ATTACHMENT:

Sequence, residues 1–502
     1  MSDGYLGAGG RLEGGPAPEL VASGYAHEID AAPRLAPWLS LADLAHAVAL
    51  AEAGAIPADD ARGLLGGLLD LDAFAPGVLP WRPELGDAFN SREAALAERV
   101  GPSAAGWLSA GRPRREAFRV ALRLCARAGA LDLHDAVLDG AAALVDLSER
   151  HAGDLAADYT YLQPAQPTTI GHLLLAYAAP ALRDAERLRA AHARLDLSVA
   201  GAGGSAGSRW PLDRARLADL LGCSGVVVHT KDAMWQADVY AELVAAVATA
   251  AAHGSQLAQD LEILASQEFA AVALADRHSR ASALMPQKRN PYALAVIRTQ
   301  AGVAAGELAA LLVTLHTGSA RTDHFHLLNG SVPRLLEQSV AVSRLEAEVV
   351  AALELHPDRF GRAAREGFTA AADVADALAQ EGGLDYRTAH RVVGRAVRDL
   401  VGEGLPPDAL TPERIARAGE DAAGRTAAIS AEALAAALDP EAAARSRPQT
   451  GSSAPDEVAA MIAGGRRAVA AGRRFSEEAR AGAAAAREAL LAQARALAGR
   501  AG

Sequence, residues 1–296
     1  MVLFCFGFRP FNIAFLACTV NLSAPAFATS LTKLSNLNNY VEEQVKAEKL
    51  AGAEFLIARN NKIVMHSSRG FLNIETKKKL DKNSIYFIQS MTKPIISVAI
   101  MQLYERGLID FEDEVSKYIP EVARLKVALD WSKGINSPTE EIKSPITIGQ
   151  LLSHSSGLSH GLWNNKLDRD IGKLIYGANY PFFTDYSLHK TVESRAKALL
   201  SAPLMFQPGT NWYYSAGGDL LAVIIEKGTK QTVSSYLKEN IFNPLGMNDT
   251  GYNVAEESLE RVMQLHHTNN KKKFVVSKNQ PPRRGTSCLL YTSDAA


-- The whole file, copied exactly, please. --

Sequence, residues 1–502
     1  MSDGYLGAGG RLEGGPAPEL VASGYAHEID AAPRLAPWLS LADLAHAVAL
    51  AEAGAIPADD ARGLLGGLLD LDAFAPGVLP WRPELGDAFN SREAALAERV
   101  GPSAAGWLSA GRPRREAFRV ALRLCARAGA LDLHDAVLDG AAALVDLSER
   151  HAGDLAADYT YLQPAQPTTI GHLLLAYAAP ALRDAERLRA AHARLDLSVA
   201  GAGGSAGSRW PLDRARLADL LGCSGVVVHT KDAMWQADVY AELVAAVATA
   251  AAHGSQLAQD LEILASQEFA AVALADRHSR ASALMPQKRN PYALAVIRTQ
   301  AGVAAGELAA LLVTLHTGSA RTDHFHLLNG SVPRLLEQSV AVSRLEAEVV
   351  AALELHPDRF GRAAREGFTA AADVADALAQ EGGLDYRTAH RVVGRAVRDL
   401  VGEGLPPDAL TPERIARAGE DAAGRTAAIS AEALAAALDP EAAARSRPQT
   451  GSSAPDEVAA MIAGGRRAVA AGRRFSEEAR AGAAAAREAL LAQARALAGR
   501  AG

Sequence, residues 1–296
     1  MVLFCFGFRP FNIAFLACTV NLSAPAFATS LTKLSNLNNY VEEQVKAEKL
    51  AGAEFLIARN NKIVMHSSRG FLNIETKKKL DKNSIYFIQS MTKPIISVAI
   101  MQLYERGLID FEDEVSKYIP EVARLKVALD WSKGINSPTE EIKSPITIGQ
   151  LLSHSSGLSH GLWNNKLDRD IGKLIYGANY PFFTDYSLHK TVESRAKALL
   201  SAPLMFQPGT NWYYSAGGDL LAVIIEKGTK QTVSSYLKEN IFNPLGMNDT
   251  GYNVAEESLE RVMQLHHTNN KKKFVVSKNQ PPRRGTSCLL YTSDAA